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Module Exercises

Refactor a Script

A very common situation is to take a script file apart and create a formal module of the definitions and a separate module of the script. If you refer back to your previous exercise scripts, you'll see that many of your files have definitions followed by a "main" script which demonstrates that your definitions actually work. When refactoring these, you'll need to separate the definitions from the test script.

Let's assume you have the following kind of script as the result of a previous exercise.

# Some Part 3 Exercise.
class X( object ):
does something

class Y( X ):
does something a little different

x1= X()
y2= Y()

You'll need to create two files from this. The module will be the simplest to prepare, assume the file name is

#!/usr/bin/env python
class X( object ):
does something

class Y( X ):
does something a little different

Your new new demonstation application will look like this because you will have to qualify the class and function names that are created by the module.

#!/usr/bin/env python
import myModule
x1= myModule.X()
y2= myModule.Y()

Your original test script had an implicit assumption that the definitions and the test script were all in the same namespace. This will no longer be true. While you can finesse this by using from myNewModule import *, this is not the best programming style. It is better to rewrite the test script to explicitly qualify names with the module name.

There are a number of related class definitions in previous exercises that can be used to create modules.

Install a New Module

Create a simple module file with some definitions. Preferrably, this is a solution to the section called “Refactor a Script”. Install the definitional part into the PYTHONPATH. Be sure to rename or remove the local version of this file. Be sure to use each installation method.

  1. Move the module file to the site-packages directory. Be sure that it is removed (or renamed) in your local directory.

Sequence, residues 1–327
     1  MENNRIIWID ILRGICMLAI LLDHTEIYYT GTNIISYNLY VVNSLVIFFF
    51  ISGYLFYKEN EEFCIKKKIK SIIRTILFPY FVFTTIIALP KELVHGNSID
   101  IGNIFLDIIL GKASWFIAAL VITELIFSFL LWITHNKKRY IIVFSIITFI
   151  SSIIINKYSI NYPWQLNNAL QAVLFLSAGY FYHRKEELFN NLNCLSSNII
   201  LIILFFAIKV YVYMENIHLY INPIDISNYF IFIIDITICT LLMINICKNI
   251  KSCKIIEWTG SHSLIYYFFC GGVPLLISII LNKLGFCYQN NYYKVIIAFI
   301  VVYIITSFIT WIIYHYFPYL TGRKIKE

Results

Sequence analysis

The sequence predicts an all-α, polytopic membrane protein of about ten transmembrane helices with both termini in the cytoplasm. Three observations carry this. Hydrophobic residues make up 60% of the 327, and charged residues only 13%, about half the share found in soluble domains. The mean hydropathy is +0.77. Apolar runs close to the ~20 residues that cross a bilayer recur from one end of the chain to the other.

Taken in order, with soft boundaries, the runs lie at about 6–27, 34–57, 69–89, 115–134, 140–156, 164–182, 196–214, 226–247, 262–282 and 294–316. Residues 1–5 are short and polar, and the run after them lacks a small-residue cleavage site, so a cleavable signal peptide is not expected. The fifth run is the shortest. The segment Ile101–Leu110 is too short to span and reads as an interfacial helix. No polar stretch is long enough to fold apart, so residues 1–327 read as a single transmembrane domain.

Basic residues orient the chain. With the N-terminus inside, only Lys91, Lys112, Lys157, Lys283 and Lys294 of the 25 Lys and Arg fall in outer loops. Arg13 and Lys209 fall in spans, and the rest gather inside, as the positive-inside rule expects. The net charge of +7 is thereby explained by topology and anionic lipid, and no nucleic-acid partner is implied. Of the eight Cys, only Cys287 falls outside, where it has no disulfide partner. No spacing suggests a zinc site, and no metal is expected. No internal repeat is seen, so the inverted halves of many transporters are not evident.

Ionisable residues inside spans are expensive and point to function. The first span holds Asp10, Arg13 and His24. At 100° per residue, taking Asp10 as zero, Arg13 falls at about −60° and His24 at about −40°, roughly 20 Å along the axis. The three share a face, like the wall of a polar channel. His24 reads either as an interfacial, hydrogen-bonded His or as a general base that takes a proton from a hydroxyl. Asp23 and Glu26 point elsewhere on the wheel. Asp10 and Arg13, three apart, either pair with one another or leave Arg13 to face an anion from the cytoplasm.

2. Move the module file to another directory and create a hard link (using the Linux ln or equivalent Windows utility) from site-packages to the other directory you created.

  3. Remove the hard link and put a .PTH file in the site-packages directory.

  4. Remove the .PTH file and update the PYTHONPATH environment variable to reference the new directory.

Planning for Maintenance and Upgrades

There are a number of module installation scenarios; each of these will require a different technique. Compare and contrast these techniques from several points of view: cost to deploy, security of the deployment, ease of debugging, and control over what the user experiences.

  • You have to provide modules and an application on a number of desktop PC's. Python must be installed on each individual desktop. However, the application that uses Python could be put on a shared network drive. What are the pros and cons of installing a Python-based application locally versus on a network drive?

    • How would you handle the initial setup?

    • How would you handle an upgrade to Python itself? For example, how would you install Python 2.5 so as to preserve your modules and application?

    • How would you control an upgrade to a Python-based application? For example, you have a new module file that needs to be made available to all users.

  • You have to provide modules and an application on a server, shared by a number of users. Python is installed on the server, as is the Python-based application. What security considerations should be put into place?

    • How would you handle initial installation of Python and your server-based application?

    • How would you handle an upgrade to Python on this shared server?

    • How would you control an upgrade to the Python-based application on this shared server?

  Published under the terms of the Open Publication License Design by Interspire